16. zhwj, I agree this year may be challenging. But when people mention 三十, it’s almost certain they are referring to the lunar calendar–it would be 三十号for Gregorian calendar. I would also say that the only occasion you need any Gregorian calendar thinking during the period is for train schedules, as pretty much everything else is in lunar calendar. Because they know, if it wasn’t on lunar calendar, people will get confused.

    And Jim, I don’t think this “inability” should be a big deal since, like I said, everything (except maybe train schedules) revolves around the lunar calendar. If it drives you nuts as a foreigner, then remember it’s a unique Chinese tradition and maybe you’ll feel better.

    shamu on 初七

  17. Ming and shamu,

    My cultural understanding prevents me from ever making a big deal of this issue. If you’ll reread my last paragraph, you’ll see that I do realize that I am the one who should adapt.

    My cultural background, however, ensures that this issue annoys me every damn year.

  18. John,
    I hear you. I’ve been in the US for more than ten years, and I’m still not sure how to estimate length in yards, or feet. Only thing easy for me is pound, as it’s just 0.9 jin!

  19. Amen John.

    For extra mind-boggling fun, read up on how the lunar calendar used to work in Imperial times. Basing the dating system on a combination of lunar years and Imperial accessions meant that the calender would occasionally come full circle before the year ended…. which meant that some years would have two of exactly the same dates.

  20. Shamu, I might be wrong, and I frequently am, but I think it’s a bit disingenious on your part to simply blame capitalism for the disappearance of Chinese traditions (it’s definitely s been a factor–I don’t deny it– but the Cultural Revolution, etc., didn’t help either). Plenty of traditions that disappeared a while ago in mainland China remain alive and well in Taiwan, for instance.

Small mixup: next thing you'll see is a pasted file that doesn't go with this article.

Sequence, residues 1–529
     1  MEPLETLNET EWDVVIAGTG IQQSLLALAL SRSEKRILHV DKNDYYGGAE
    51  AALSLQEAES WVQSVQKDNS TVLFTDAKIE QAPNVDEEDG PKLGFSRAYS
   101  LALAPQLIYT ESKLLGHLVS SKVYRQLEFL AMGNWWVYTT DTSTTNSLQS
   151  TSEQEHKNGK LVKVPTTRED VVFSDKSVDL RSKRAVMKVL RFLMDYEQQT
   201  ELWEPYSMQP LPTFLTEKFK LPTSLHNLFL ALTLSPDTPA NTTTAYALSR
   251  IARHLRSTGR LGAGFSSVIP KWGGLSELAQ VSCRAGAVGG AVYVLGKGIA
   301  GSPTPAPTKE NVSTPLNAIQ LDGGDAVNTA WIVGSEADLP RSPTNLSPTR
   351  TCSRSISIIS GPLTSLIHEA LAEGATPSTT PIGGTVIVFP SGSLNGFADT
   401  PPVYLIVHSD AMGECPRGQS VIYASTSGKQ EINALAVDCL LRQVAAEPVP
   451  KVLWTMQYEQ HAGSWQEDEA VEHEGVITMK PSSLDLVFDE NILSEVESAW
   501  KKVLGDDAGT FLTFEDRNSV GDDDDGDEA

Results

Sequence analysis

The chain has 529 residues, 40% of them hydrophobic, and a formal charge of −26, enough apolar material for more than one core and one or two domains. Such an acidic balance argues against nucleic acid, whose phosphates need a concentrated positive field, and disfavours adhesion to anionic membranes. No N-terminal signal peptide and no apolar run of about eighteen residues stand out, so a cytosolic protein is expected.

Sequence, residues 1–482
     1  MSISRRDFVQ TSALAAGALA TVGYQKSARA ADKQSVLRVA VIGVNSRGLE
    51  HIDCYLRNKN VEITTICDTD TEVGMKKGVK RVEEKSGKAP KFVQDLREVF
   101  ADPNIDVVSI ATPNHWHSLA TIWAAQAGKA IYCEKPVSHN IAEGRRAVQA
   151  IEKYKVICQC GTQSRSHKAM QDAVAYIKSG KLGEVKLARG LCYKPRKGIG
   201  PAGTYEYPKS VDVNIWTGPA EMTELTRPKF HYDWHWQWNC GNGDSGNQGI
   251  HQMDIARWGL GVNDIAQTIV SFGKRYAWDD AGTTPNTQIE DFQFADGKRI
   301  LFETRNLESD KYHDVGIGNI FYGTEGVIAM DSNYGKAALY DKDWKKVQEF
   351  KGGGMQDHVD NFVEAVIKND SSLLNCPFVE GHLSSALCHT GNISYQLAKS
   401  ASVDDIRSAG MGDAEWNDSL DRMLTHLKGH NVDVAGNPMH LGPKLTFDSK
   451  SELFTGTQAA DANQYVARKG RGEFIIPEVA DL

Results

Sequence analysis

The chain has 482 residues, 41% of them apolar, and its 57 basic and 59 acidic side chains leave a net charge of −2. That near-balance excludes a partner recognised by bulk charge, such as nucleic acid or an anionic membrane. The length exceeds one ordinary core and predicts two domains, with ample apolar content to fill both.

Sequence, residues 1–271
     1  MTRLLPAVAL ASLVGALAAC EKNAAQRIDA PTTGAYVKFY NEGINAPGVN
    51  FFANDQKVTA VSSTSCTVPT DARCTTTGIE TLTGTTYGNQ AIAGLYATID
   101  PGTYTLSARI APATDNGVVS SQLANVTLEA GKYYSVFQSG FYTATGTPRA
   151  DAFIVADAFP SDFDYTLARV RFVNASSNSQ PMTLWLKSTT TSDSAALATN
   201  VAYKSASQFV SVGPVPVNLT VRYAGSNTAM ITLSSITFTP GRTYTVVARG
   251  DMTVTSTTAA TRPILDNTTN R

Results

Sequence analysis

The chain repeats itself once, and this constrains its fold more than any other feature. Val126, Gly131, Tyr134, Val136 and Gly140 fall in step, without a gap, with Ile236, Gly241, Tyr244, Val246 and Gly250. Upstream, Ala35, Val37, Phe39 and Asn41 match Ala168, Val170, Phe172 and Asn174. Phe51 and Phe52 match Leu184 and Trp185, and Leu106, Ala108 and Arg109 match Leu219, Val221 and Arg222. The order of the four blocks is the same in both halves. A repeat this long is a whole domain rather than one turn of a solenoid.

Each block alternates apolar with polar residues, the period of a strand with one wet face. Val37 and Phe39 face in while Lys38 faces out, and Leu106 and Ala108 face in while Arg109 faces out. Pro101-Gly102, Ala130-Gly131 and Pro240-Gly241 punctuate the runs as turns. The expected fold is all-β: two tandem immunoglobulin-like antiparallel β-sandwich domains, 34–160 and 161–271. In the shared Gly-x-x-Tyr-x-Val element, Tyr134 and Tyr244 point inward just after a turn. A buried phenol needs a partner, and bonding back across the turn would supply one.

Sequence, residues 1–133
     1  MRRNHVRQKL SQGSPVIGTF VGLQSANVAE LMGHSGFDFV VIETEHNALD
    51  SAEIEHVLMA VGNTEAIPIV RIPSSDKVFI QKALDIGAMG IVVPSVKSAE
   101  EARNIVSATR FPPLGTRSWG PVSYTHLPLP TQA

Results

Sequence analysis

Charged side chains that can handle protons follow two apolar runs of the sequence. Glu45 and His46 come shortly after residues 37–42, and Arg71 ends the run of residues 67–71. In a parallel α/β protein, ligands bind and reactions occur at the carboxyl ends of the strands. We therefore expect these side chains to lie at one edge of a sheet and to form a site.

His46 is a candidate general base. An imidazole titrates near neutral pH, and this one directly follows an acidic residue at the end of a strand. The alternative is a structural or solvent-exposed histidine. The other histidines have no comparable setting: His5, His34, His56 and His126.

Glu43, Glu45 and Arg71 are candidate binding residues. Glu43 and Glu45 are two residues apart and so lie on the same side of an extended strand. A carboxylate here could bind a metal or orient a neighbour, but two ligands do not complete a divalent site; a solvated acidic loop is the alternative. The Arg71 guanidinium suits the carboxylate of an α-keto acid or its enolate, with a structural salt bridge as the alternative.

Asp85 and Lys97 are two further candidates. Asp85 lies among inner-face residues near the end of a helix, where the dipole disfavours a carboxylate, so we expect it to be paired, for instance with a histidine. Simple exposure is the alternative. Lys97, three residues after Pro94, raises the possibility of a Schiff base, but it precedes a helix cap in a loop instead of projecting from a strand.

21. John, you’re such a whiner!

  22. John,
    The solution to your annoyance is to create and market a Gregorian calendar that clearly marks each day of the seventeen days of the New Year celebration with the proper day of the lunar calendar. Make them in both wall style and pocket/purse sized calendars each year, and voila! End of confusion.

  23. To get back at Chinese civilization for all the hassle I have to suffer around new year I insist on using the lunar calander all year round. Warms my cockles to see the look of exasperation that comes over people’s faces when they are forced to look up the lunar date for everything. “I’m sorry, is that 廿四 or 廿五?” “Can I work tomorrow? Let’s see…芒种…No, I’m afraid that’s an auspicious day for weaving fishing nets, so sorry, no can do.”

  24. I enjoy a lot to celebrate my two birthday each year. One is based on Gregorian calendar, which is for my friends and the other is based on lunar calendar, which is for my family.

  25. […] causes temporal cognitive chaos. I’ve talked about this before. Around CNY, Chinese people refuse to use the solar calendar for a week or two and cognitively […]

  26. […] confusing?? No, not at all. I’m a big fan of Chinese New […]

  27. The dialogues are funny, but it all makes sense when you think of it. The lunar calendar is not really used like a calendar here, it’s just a way of referring to days of moveable feasts. Perhaps Easter is equally annoying for the Chinese who live among Christians:

    Chinese: Let’s do it on April 2nd.

    Person: I’m not free on Easter Monday.

    Chinese: OK, so is April 2nd OK then?

    Person: Is that the Easter Monday or the day after?

    Chinese: I don’t know. It’s April 2nd. April. Second.